A SOJOURNER’S VIEWS: A Tale of Two Events

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ILIGAN CITY (MindaNews/03 May) – In 1859 – a hundred and fifty-three three years ago – Charles Dicken’s classic novel, A TALE OF TWO CITIES, enthralled the reading public with these lines that he wrote: “It was the best of times, it was the worst of times, it was the age of wisdom, it was the age of foolishness, it was the epoch of belief, it was the epoch of incredulity, it was the season of Light, it was the season of Darkness, it was the spring of hope, it was the winter of despair, we had everything before us, we had nothing before us, we were all going direct to heaven, we were all going direct the other way – in short, the period was so far like the present period, that some of its noisiest authorities insisted on its being received, for good or for evil, in the superlative degree of comparison only.”

Dickens might as well write about our own age, which is our “present period”. The juxtaposition of two events involving Indigenous Peoples in Mindanao but which have implications for all Mindanawons and not just the Lumad – one that is unfolding and another which will take place soon – is, indeed, most interesting and could only provide us with a Dickensian contrast.

First, the “darkness” side which provides some kind of a “winter of despair” for those who will suffer the adverse consequences of an act of alleged “foolishness”. Its prime location is in Tampakan, South Cotabato, site of the flagship mining project of the foreign-based Sagittarius Mines Inc.(SMI) and aggressively supported by the Philippine Chamber of Mines. Those who are already familiar with the unfavorable ecological and social consequences of the operations of this mining firm know that the impact will be felt by the citizenry living in a considerable number of municipalities of the provinces of Sultan Kudarat, South Cotabato and Davao del Sur.

The ones who are already suffering most are the Lumads, specifically the B’laans as the mining operations and further explorations are and will be taking place within their ancestral homeland. Given the divide-and-rule tactics employed by the mining firm and its supporters from among the State institutions, the B’laans have been split into two camps – those for and against mining. (MindaNews continue to provide the readers with updates on the events that have unfolded in Tampakan.)

A recent event in the area attracted attention to the powder keg which is Tampakan these days. This was the multi-sectoral fact-finding solidarity mission that took place in the last week of April involving the personnel from the Philippine Human Rights Center, the CBCP-NASSA, Koalisyon ng Katutubong Samahan ng Pilipinas, Task Force Detainees of the Philippines, Radyo Veritas, the Commission on Human Rights and the Social Action Center of Marbel and Digos. During this mission, the group encountered difficulties in reaching some of isolated barangays that they wanted to visit owing to blockades set up by the company and the military.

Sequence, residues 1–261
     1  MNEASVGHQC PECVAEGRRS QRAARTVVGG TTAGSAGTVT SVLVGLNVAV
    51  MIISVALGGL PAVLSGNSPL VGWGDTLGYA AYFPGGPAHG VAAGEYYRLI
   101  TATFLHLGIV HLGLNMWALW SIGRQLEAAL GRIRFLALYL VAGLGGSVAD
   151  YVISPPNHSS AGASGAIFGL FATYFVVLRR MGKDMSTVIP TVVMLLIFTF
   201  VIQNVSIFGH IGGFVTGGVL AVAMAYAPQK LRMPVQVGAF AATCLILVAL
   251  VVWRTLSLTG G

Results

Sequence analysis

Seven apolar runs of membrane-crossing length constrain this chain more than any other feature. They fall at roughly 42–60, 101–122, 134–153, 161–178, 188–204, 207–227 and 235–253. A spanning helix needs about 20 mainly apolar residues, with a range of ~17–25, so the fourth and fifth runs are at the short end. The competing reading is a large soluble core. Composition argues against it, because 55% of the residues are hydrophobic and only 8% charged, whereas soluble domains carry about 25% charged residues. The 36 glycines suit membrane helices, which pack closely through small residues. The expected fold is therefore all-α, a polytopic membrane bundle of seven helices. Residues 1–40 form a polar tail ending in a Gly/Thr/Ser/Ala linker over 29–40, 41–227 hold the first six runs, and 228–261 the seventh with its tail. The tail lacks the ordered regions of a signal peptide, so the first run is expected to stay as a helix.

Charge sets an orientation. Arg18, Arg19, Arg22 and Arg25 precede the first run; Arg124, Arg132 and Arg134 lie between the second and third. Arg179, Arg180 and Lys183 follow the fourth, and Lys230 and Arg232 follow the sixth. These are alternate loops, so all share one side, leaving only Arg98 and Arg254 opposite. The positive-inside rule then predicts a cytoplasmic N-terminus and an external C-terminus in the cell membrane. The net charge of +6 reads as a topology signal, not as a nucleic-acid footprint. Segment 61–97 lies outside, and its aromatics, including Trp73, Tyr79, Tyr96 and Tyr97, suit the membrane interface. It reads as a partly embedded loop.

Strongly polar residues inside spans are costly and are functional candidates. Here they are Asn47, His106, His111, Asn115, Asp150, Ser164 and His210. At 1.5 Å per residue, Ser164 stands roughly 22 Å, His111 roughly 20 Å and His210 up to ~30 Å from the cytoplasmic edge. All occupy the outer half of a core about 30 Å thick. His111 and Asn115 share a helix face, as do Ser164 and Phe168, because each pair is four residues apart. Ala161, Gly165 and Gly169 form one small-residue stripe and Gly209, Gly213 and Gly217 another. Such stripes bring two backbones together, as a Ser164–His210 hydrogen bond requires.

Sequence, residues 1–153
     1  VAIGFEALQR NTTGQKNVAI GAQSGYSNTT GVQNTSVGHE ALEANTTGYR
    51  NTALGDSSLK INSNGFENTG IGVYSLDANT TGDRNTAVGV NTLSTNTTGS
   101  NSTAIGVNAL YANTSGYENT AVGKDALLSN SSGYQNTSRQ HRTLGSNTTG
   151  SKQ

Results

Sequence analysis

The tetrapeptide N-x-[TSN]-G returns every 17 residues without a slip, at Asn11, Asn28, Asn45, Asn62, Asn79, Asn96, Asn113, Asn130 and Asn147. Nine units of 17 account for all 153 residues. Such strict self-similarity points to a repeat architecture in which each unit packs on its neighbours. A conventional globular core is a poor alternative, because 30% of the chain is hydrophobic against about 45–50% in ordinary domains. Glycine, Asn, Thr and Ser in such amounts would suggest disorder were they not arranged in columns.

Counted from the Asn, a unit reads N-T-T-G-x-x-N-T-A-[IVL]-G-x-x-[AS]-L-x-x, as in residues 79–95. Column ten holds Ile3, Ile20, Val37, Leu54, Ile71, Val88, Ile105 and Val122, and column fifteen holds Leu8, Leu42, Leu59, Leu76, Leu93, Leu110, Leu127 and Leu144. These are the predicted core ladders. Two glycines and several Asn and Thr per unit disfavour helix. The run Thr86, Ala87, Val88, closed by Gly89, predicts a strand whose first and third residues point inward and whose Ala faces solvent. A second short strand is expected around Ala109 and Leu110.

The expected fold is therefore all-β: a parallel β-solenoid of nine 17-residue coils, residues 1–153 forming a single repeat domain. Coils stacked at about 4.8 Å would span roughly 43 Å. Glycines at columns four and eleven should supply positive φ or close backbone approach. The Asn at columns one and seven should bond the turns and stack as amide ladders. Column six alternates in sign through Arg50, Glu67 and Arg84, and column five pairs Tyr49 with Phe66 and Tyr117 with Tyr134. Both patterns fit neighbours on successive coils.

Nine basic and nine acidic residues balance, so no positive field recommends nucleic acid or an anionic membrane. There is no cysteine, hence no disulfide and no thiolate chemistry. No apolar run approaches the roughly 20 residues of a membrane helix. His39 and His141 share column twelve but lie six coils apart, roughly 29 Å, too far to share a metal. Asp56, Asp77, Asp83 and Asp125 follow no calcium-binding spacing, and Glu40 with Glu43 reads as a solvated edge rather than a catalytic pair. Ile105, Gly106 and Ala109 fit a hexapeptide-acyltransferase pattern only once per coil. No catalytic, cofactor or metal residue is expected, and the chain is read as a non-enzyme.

In a press statement released on 28 April, the fact-finding mission identified the major problems faced by the people affected in the areas where troubles have erupted: the intensifying conflict among the B’laans which demands immediate resolution otherwise there could be bloodshed, the increased military presence in the area which have led to human rights violations, the confusion and anxiety faced by the B’laans who are pressured to relocate to another place as part of the preparatory activities for the mining operations, the non-compensation for damages to their crops destroyed by the bulldozers of the mining firm and the lack of consultation with the people before decisions are made by the firm that affect them.

Speaking on behalf of those affected by these problems, the mission recommended the following: total pull-out of the seven military detachment in the communities, enforce a definite moratorium on all SMI activities in the area, recognize and respect the customary laws of the B’laan on conflict resolution, undertake a meaningful free-prior-informed-consent practice (FPIC) in mining-affected areas and ensure transparency and accountability of tribal chieftains, SMI and local government unit in dealing with the members of their communities.

However, the stakes of SMI in Tampakan have risen to such a level that to yield to these demands would compromise their huge investments in the area and their projected astronomical income. With the full backing of the Chamber of Mines, some key people within the Aquino administration, Pres. Aquino’s own lack of political will to decide on the issue of mining to favor the interests of the marginalized poor (read: the B’laans) and the environment and the military’s own agenda in terms of this issue, SMI will aggressively push its own agenda to fully get the mining operations going, come hell or high water.